Cats, as described in T.S. Eliot's "Old Possum's Book of Practical Cats" each have their own secret name, too.
But above and beyond there's still one name left over,
And that is the name that you never will guess;
The name that no human research can discover--
But THE CAT HIMSELF KNOWS, and will never confess.
-T.S. Eliot, "The Naming of Cats"
Still, true names are not limited to spirits and people. Even though I do not apply a purely scientific, psychological "it's all in your head" paradigm to my work with magic and spirits, it is still a useful fact that many emotional and mental states (particularly the undesirable ones) have been blamed on spirits in many cultures. Spiritual healers have prayed and worked over their distressed patients to pull the baneful spirits out and to heal them. I've heard some modern-day therapists suggest to their patients that they imagine their pain, anger, or addiction in an anthropomorphic form and confront it; Psychology has not strayed too far from the spirit model at all. For some who are dealing with particularly strong mental or emotional difficulties, approaching them as spirits is a very useful therapeutic angle to take. The first step in this process is to learn the spirit's name.
Addictions are one such disorder that some might attribute to a spirit. Consider this. By naming the spirit what it is - addiction - one can start to exert control over it. Looking over the 12 steps of addiction recovery programs, the first step says, "We admitted we were powerless over our addiction - that our lives had become unmanageable." In other words, name it. Harry Potter was never afraid to name Voldemort, and in doing so he eventually was able to exert enough power over him to defeat him. People in 12-step programs need to name their demons for exactly what they are first and foremost. Until those people in addiction recovery programs name the spirits that are controlling them, the spirits will always own them. Perhaps one day, Rumplestiltskin will collect his due when child services comes along to collect the children from those who could not control the spirits.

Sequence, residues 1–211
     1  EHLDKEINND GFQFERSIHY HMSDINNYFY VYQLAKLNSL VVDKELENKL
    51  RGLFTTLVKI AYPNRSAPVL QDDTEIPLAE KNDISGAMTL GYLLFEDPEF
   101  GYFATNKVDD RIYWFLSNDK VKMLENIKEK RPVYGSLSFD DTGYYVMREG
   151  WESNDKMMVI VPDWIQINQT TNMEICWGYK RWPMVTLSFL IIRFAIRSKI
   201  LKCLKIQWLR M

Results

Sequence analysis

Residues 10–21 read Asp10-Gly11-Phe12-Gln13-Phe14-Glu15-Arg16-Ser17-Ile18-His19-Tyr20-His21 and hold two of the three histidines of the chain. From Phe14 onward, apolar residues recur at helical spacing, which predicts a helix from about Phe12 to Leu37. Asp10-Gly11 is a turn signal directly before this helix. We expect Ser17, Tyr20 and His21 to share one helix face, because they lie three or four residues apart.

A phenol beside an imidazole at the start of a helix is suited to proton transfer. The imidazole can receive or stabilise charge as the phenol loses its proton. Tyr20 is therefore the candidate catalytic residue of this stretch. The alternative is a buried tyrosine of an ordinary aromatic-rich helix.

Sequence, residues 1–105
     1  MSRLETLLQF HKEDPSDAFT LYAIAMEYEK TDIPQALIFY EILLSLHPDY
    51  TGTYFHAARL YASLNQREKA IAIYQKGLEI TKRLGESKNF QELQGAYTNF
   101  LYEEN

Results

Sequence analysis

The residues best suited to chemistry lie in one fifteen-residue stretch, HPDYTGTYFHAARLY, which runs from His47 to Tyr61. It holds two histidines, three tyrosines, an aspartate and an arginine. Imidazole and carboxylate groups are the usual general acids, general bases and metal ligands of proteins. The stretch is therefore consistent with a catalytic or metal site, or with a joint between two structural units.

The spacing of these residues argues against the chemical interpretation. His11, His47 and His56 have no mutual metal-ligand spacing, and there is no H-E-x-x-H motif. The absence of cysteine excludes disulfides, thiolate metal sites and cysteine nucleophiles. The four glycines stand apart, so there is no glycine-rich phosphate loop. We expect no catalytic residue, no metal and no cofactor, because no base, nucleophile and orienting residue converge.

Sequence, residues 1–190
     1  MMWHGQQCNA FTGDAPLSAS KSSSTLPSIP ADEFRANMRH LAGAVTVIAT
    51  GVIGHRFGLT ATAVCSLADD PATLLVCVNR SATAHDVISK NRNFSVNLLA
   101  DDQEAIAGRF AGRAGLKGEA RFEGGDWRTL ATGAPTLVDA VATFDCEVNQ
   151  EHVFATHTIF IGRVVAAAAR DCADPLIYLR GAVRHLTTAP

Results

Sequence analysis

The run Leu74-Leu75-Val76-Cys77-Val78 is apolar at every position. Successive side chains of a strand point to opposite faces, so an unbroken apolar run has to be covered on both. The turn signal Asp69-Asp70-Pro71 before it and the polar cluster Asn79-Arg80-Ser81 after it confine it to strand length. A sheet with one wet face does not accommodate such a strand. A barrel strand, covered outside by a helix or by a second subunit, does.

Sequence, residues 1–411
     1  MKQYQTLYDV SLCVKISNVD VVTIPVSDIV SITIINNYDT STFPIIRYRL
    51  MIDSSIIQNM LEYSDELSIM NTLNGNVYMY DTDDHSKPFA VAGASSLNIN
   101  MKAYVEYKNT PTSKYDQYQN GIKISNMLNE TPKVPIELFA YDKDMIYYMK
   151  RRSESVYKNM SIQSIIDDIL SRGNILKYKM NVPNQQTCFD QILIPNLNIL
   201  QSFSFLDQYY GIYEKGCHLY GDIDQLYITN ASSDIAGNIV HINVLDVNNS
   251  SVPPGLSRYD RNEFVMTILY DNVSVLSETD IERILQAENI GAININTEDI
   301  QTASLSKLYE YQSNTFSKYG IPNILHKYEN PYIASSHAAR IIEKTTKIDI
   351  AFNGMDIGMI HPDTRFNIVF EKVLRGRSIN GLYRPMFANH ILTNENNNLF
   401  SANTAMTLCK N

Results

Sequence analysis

Scientists name things all the time. There's an entire discipline - taxonomy - devoted to collecting the names of every living thing on Earth and organizing them into useful classifications. Without knowing the kingdom, phylum, class, order, family, genus and species of that plant you just plucked, you have no idea whether it will feed you or kill you. You have only experimental data to go on, and one test subject you can rightfully experiment upon - yourself. Knowing the true name of the plant means that you can work with the plant, know its uses and understand its dangers. Knowing the true name of the plant gives you power over this plant, the power to wield and use the plant effectively.
Physicians make naming a large part of their trade. After all, how can one prescribe the right treatment without naming the bacteria or virus that is causing the disease? Spirits, too, are blamed by many for physical ailments. The healers of cultures far and wide have named them as well for much the same reason. Knowing the names of these spirits allow the healers across all of these cultures to banish them.
One of a magic worker's greatest powers is to name things. Part of working magic is naming things that do not exist yet, but will as soon as the name is spoken. Working a spell is to create something that will manifest on earth. The first thing to do, then, is to define the goal, to clearly shape and concisely summarize the intended outcome. The rest of the working is about giving enough power to the name so that it can manifest into reality. This process is true for casting a spell just as it is true for creating a business, building a house, and pretty much any other creative act I can think of. Name it, empower it, manifest it, then enjoy it.
Truth is, I use naming constantly. However, by understanding the power of names, I can work with them more effectively (thereby naming again) . I seek as part of my ever-evolving magical development to know the true names of as many things as possible. Still, my cats will never let me know their true names, but I'm OK with having a little mystery in my life, too.
Copyright: Copyright 2011 by Naya Aerodiode. All rights reserved.
Location: Memphis, Tennessee